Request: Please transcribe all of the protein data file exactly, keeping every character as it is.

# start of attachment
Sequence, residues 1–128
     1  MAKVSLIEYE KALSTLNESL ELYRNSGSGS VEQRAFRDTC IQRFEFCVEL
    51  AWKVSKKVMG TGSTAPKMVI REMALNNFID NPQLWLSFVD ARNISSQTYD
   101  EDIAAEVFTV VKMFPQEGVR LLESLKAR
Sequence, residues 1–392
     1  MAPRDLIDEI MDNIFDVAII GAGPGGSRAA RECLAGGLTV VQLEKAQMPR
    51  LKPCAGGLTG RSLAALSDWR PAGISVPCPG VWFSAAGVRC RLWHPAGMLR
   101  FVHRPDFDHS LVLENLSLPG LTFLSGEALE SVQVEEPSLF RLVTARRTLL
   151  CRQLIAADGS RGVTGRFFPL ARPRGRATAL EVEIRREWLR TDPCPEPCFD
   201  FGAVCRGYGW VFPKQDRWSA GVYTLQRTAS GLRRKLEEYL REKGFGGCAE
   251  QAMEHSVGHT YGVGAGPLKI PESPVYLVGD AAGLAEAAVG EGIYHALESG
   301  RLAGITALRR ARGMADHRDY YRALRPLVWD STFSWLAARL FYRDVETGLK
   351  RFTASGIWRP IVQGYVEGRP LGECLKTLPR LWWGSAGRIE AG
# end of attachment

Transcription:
Sequence, residues 1–128
     1  MAKVSLIEYE KALSTLNESL ELYRNSGSGS VEQRAFRDTC IQRFEFCVEL
    51  AWKVSKKVMG TGSTAPKMVI REMALNNFID NPQLWLSFVD ARNISSQTYD
   101  EDIAAEVFTV VKMFPQEGVR LLESLKAR
Sequence, residues 1–392
     1  MAPRDLIDEI MDNIFDVAII GAGPGGSRAA RECLAGGLTV VQLEKAQMPR
    51  LKPCAGGLTG RSLAALSDWR PAGISVPCPG VWFSAAGVRC RLWHPAGMLR
   101  FVHRPDFDHS LVLENLSLPG LTFLSGEALE SVQVEEPSLF RLVTARRTLL
   151  CRQLIAADGS RGVTGRFFPL ARPRGRATAL EVEIRREWLR TDPCPEPCFD
   201  FGAVCRGYGW VFPKQDRWSA GVYTLQRTAS GLRRKLEEYL REKGFGGCAE
   251  QAMEHSVGHT YGVGAGPLKI PESPVYLVGD AAGLAEAAVG EGIYHALESG
   301  RLAGITALRR ARGMADHRDY YRALRPLVWD STFSWLAARL FYRDVETGLK
   351  RFTASGIWRP IVQGYVEGRP LGECLKTLPR LWWGSAGRIE AG